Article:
Boston's Climate Change Point Man Looks At How To Accommodate Rising Sea Levels

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Six feet of sea level rise is predicted in Boston. (Courtesy NOAA)
Six feet of sea level rise is predicted in Boston. (Courtesy NOAA)

Much of Boston was built by claiming land from the sea: Back Bay, the South End, the Financial District, East Boston and large swaths of Charleston used to be watery tidal zones and marshes.

Reclaiming that land was an engineering marvel. But with rising seas, those areas will soon be vulnerable to the waters again, and it will take generations of continued ingenuity to shield those areas from the effects of climate change.


Brian Swett, chief of environment, energy, and open space for Boston.


On Hurricane Sandy as a wake-up call for Boston:
Brian Swett:
"[Hurricane] Sandy was a real milestone and call to action for the city and the region. I often got questions after Sandy had struck of, 'What if Sandy had hit Boston directly?' And that was actually the wrong question to be asking. That storm was so large and was so powerful that if Sandy had hit five and half hours early — same direction, our high tide, we would've had a 100 year flooding event...We've had three additional storms that, had they hit at high tide, we would've had 100 year flooding events as well — Nemo, the big snowstorm; Hercules, which we had this past New Year's and one other, actually, unnamed storm. It just shows you how the impacts and the timing, how lucky we've been in the last two years."

On what would happen if Boston did nothing to prepare for rising sea levels:
"Since 1920 until today, we've had about 10 inches of sea level rise. About half of that has been from land subsidence, so the land on the east cost is actually still settling, still sinking, and half of that has been from sea level rise. We expect an additional six to 16 inches of sea level rise by mid-century and, potentially, an additional two to six feet by end of century. The storm surge for Superstorm Sandy was about five feet in this area...So, an event that raises the sea beyond high tide by seven and a half feet, is enough to overtop the Charles River dam in its current construction. And so, that's when you start to think about [how] areas that traditionally have not experienced flooding would be impacted. The other attribute that folks need to consider is, when we have those types of storm events, it's usually a high precipitation event as well. So, we have the Charles River, the Muddy River, the Mystic, the Neponset, all draining flood waters from eastern [Massachusetts] through Boston to get out to the ocean. If the storm increases storm surge into sea level, there will be backup of that precipitation."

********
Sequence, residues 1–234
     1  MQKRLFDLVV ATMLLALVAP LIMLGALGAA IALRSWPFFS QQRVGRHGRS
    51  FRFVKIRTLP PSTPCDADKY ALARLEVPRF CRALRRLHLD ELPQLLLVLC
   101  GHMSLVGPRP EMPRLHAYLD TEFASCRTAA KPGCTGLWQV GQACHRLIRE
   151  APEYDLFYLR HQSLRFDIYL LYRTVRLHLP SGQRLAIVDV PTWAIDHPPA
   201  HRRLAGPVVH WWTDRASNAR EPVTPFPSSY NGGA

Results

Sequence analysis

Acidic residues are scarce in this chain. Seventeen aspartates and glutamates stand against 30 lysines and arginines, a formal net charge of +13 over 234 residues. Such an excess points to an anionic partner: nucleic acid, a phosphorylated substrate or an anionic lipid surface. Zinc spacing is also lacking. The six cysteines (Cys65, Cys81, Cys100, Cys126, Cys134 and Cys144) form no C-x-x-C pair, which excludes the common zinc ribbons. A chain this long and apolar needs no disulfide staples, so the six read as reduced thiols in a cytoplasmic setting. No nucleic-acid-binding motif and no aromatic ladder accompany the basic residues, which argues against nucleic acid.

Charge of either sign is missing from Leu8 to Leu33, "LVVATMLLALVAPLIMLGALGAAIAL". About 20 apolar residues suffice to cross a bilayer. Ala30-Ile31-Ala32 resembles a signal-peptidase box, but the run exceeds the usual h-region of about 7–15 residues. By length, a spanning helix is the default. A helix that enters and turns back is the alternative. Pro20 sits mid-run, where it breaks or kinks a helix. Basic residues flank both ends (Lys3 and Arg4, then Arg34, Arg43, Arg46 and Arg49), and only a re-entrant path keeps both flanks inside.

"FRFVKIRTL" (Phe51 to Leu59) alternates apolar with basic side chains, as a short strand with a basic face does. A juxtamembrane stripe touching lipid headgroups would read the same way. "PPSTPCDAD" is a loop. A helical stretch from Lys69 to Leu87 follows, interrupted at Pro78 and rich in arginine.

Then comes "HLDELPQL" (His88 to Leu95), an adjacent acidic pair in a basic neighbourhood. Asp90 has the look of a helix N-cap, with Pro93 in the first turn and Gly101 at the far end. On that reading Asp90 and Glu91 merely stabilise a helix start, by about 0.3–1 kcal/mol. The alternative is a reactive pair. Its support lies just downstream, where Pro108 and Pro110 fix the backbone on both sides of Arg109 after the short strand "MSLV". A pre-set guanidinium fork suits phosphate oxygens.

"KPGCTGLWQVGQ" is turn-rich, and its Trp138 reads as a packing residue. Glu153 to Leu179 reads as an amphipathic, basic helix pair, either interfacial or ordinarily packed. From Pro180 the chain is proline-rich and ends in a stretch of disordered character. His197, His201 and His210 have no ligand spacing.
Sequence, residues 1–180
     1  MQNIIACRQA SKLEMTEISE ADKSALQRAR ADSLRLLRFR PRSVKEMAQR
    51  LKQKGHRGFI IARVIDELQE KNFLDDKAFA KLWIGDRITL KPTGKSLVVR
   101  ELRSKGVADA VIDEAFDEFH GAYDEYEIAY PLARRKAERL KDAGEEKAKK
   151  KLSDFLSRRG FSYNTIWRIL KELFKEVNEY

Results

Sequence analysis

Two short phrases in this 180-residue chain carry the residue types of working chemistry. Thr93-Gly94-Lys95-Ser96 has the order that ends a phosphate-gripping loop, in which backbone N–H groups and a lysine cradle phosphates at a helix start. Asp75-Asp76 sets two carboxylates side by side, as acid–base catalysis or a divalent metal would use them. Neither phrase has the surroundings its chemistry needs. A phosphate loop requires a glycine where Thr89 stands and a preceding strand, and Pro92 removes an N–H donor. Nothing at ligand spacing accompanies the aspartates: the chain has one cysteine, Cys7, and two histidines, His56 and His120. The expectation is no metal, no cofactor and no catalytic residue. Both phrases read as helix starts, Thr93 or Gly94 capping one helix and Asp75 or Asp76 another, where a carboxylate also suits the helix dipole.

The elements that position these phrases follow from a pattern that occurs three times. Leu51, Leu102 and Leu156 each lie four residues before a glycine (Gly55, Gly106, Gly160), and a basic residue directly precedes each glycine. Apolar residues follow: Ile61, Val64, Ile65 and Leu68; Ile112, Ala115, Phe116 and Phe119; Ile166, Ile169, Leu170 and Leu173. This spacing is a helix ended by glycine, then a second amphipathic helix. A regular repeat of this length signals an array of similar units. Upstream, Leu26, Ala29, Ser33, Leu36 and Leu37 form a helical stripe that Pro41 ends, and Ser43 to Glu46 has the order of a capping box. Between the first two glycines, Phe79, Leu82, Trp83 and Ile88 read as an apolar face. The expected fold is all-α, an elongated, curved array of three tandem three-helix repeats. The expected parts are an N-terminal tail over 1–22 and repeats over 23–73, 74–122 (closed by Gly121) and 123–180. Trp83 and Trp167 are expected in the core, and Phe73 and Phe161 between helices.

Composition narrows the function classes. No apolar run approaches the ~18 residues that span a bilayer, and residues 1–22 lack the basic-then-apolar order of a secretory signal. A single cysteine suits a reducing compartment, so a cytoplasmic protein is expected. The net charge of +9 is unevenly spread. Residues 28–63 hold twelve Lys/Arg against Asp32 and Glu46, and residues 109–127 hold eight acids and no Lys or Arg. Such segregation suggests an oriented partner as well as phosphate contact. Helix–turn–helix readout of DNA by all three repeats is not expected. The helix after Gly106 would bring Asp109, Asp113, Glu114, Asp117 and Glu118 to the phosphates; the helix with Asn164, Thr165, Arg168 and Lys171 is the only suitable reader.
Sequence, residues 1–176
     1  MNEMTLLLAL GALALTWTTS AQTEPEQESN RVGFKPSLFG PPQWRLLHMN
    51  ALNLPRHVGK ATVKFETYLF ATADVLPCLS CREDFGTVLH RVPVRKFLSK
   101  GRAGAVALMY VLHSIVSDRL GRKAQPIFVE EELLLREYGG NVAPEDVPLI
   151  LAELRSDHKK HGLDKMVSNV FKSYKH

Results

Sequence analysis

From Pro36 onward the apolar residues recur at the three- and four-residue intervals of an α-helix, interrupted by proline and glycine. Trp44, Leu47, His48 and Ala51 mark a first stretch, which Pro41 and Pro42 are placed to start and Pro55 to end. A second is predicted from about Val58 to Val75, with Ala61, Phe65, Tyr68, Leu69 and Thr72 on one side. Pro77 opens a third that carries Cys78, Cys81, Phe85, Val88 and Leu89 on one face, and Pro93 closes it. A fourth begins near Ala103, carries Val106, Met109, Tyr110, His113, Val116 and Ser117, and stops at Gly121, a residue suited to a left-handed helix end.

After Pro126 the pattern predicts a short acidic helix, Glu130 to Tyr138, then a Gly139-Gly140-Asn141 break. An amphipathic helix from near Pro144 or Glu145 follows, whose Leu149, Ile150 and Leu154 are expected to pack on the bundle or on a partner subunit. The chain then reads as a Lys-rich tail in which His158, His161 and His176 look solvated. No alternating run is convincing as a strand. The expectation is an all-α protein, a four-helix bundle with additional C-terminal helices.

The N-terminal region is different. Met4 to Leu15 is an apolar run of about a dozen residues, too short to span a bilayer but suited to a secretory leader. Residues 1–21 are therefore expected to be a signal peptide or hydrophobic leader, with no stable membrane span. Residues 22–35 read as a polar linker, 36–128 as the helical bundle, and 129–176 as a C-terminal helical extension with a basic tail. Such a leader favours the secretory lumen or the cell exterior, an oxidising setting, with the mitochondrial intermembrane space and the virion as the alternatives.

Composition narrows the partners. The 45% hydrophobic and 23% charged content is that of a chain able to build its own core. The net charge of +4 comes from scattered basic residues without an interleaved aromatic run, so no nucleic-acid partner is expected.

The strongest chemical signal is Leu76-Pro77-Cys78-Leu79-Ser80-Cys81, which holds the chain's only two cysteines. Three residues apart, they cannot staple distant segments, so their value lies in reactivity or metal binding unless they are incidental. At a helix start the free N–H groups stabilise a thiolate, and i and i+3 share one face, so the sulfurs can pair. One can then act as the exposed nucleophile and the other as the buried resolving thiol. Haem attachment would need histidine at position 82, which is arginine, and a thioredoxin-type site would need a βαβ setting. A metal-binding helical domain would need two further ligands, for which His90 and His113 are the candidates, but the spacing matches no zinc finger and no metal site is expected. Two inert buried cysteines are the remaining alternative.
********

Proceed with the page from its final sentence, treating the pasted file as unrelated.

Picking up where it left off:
On canals in the Back Bay:
"[Those canals are] proof that a picture speaks a thousand words, and it was clearly the most bold and compelling of numerous visions that design charrette the Urban Land Institute hosted on four critical areas in the metro Boston region — that has certainly gotten the most attention. I have tried to be consistent in telling folks we're not going to start digging canals tomorrow, but what a compelling vision and approach to get people thinking about the concept of living with water. And I think we have a variety of solutions and I would remind folks that, for that design charrette, they weren't allowed to solve seven and a half feet of sea level rise outside of the neighborhood, they had to solve it within the neighborhood. The reality is, there may be an infrastructure approach — some combination of increasing protection further outside of the Back Bay through sea walls and levees and storm systems. But it helps convey the magnitude of the challenge in front of us — we're now experiencing, over the next century, a faster increase in sea level rise than has ever been experienced in human history. So, there is no marker for adaptation from a human history [or] engineering perspective."